Other Fun Facts
Here’s a couple of other interesting tidbits I gleaned from this data.
- The hunters are introduced almost exactly half-way through the game.
- The door opening animation, which plays between rooms to mask the room load time, takes about 5 seconds. In total, the accumulated cost of this load time is about 25% of the total play time of this speed run.
- Arrange Mode (used for this test) moves the locations of items around on the map, but doesn’t generally disrupt the order or point in progression in which they appear.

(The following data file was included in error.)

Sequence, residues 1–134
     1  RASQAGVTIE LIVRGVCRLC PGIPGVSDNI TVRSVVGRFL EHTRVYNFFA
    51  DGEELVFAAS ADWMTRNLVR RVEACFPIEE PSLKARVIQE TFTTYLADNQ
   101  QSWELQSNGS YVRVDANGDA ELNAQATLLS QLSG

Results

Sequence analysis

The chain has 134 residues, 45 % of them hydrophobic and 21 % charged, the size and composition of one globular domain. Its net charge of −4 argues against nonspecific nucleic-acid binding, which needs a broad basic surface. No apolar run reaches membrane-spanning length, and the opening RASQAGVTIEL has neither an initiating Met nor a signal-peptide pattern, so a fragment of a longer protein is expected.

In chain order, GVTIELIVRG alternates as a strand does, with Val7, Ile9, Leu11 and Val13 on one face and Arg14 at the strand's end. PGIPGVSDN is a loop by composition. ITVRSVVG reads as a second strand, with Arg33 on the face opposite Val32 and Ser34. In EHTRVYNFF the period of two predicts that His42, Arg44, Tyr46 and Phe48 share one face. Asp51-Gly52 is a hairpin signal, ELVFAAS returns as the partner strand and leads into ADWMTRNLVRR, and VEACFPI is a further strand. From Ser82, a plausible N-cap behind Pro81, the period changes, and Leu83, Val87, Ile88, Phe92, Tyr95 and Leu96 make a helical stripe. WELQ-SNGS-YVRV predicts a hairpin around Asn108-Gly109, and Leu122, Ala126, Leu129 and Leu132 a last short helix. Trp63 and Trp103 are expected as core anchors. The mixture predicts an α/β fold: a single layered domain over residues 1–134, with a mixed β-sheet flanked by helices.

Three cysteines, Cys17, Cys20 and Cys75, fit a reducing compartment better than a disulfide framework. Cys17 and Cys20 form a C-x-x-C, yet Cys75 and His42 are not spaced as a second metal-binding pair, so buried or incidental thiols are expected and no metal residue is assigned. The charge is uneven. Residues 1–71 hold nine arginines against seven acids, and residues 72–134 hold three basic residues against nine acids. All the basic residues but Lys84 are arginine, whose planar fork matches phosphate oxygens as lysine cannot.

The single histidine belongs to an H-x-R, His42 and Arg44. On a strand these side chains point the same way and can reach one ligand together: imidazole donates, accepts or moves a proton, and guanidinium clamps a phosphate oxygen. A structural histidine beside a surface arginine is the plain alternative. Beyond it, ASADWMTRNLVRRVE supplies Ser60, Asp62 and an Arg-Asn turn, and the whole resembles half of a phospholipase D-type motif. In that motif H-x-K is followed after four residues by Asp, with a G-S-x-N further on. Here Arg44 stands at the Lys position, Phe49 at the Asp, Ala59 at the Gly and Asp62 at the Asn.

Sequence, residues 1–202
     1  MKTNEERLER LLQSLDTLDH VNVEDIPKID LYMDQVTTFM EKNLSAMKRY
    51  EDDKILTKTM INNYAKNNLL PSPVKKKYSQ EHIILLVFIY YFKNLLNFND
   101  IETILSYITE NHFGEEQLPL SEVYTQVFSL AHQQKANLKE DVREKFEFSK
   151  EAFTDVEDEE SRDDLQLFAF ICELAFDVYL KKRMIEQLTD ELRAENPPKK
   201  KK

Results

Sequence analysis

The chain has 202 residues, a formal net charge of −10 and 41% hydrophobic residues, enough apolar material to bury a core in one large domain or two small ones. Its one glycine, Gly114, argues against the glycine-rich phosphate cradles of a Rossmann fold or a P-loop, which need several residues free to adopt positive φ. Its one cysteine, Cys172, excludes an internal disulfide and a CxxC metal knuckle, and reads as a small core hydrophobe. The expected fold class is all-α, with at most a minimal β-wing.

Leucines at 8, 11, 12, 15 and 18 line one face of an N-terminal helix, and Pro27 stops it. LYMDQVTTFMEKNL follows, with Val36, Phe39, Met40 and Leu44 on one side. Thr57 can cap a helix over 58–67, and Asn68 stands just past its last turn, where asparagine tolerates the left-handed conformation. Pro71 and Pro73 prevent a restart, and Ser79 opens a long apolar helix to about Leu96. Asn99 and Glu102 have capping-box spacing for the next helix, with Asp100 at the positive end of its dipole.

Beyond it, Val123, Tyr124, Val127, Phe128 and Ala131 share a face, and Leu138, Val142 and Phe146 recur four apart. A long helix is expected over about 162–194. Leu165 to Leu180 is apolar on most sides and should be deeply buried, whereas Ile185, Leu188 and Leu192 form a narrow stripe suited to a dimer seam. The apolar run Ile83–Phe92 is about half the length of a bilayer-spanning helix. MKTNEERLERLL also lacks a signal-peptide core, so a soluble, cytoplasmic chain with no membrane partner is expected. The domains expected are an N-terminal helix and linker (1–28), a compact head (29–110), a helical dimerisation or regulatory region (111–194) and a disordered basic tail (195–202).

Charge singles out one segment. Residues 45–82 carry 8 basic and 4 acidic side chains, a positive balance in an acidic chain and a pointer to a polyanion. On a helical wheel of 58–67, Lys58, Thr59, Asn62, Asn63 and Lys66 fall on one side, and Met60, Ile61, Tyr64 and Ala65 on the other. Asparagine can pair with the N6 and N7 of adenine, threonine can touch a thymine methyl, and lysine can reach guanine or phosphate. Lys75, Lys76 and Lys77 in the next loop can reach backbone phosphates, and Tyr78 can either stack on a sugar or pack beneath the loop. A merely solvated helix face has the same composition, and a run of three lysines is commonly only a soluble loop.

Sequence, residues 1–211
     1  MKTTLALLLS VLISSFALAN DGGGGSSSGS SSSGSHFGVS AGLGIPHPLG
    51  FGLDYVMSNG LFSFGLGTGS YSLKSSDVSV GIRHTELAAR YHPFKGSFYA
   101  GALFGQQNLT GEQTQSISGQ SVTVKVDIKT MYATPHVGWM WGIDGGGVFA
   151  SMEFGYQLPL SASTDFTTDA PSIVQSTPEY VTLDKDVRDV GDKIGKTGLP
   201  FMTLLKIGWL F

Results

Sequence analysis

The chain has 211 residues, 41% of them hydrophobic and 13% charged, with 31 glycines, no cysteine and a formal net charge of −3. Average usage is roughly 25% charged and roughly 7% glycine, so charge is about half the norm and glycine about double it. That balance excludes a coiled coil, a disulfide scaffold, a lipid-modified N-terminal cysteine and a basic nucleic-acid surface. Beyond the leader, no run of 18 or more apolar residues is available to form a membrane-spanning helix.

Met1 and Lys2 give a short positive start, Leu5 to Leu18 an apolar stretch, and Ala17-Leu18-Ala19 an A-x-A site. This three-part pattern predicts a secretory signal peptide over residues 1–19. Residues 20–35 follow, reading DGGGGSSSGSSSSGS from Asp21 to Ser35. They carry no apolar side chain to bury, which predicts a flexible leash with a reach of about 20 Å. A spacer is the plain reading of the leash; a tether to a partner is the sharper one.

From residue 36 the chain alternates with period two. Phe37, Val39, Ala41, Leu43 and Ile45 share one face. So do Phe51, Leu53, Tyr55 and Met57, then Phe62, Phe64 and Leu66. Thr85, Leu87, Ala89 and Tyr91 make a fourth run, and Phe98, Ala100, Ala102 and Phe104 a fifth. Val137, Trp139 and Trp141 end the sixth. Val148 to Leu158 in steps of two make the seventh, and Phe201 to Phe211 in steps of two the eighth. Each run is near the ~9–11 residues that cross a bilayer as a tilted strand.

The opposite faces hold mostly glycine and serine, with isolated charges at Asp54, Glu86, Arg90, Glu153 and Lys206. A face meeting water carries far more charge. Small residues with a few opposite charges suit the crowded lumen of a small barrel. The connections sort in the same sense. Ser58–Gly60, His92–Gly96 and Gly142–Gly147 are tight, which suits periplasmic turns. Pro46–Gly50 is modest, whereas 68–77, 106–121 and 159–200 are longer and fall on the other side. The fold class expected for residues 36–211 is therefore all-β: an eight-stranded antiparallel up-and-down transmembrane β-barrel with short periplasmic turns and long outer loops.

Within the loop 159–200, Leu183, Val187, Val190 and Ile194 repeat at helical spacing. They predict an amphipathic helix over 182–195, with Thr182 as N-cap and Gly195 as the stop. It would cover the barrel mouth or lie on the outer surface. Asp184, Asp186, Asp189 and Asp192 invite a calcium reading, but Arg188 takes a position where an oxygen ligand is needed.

Visualization of player data can give us interesting insights into how games like Resident Evil work on the macro level. Using a speed run for this sort of visualization is ideal because it removes any bias and confusion that might stem from individual player sensibilities and shows us something close to the path that the level designers intended. In Resident Evil’s case, the Recursive Unlocking pattern is used to control the pace of the game, the flow of the narrative, the progression of enemies and weapons, and even to force a change of scenery on the player, all while maintaining a non-linear feel. This sort of analysis reveals how much thought actually went into the construction of the layout of this game. I think you’d be hard-pressed to find another Adventure game from the Resident Evil era that pulls off such a tight and formal traversal; this level design is clearly the product of serious planning. The data here shows that the layout of Spencer Mansion and its surrounding areas was probably the single most difficult part of the Resident Evil design, but the work that Capcom’s designers put into it made the game the masterpiece that it is.